Local travelers among those stuck on I-95 in Virginia after winter storm

An emergency like this is why AAA is warning you that now is the time to get your car ready for winter.
PHILADELPHIA (WPVI) -- Some travelers were stuck on I-95 in Virginia for more than 24 hours Monday into Tuesday, as snow and ice screeched traffic to a halt for miles.

It caused a ripple effect on drivers and train riders up and down the East Coast.

"It makes no sense to me that the road was so underprepared," said 20-year-old Daisy Willis, who is from Jenkintown but currently works near Virginia Beach. She had been home for the holiday weekend and left around 11 am Monday.

"This is next to my car," she said pointing to the ice on the highway next to her as she FaceTimed with Action News.

"I'm just more worried that I'm going to run out of gas because when I run out of gas I run out of warmth and phone battery," she said.

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"We wish we had a timetable, ETA or an educated guess on when travel will resume on I-95," the Virginia Department of Transportation said on Twitter, describing the situation as frustrating and scary.



An emergency like this is why AAA is warning you that now is the time to get your car ready for winter.

"When you're cleaning your car off hour after hour in the storm, clothes get wet and they don't dry off in the vehicle," Jana Tidwell, AAA spokesperson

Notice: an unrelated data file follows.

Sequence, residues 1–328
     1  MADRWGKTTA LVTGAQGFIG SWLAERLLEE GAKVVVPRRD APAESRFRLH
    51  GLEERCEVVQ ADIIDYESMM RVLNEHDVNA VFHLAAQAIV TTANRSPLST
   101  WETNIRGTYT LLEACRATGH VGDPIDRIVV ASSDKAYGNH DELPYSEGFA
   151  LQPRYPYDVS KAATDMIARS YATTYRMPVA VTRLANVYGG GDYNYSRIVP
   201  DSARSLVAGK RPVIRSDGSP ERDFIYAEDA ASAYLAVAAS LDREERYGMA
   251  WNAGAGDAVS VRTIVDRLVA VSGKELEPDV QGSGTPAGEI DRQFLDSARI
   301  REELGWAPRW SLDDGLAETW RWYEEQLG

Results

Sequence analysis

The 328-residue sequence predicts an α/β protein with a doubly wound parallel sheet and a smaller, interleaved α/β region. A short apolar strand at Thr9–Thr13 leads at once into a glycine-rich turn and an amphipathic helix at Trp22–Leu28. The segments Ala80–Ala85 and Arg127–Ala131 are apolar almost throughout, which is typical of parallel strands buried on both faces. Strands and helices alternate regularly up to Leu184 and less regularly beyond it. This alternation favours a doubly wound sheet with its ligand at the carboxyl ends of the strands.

She advises that drivers pack extra clothes, snacks, water, shovels, and ice melt - among other essentials - if you get stuck on the road.

Graphic from AAA.com



"No one ever plans to get stuck, it is so much better to have these things in your car and never need them as opposed to needing them as those poor folks in Virginia did and not having them," she said.

Drivers aren't the only travelers affected by the storm. One Amtrak train arrived 23 hours late in Philadelphia on Tuesday after being stuck behind downed power lines and trees, causing a ripple of delays.

"It's already a long day and it's hectic and just losing time," said Sonam Ambasta, traveling through Philadelphia from Minneapolis.

"It's going to be two hours of sitting here and waiting and then I still don't know because if you look at the board, it doesn't tell you when it's leaving," said Tracy Banbliet from Connecticut.

On Tuesday, Amtrak canceled at least eight trains scheduled to travel from Washington D.C. to Philadelphia and at least 10 more were delayed.
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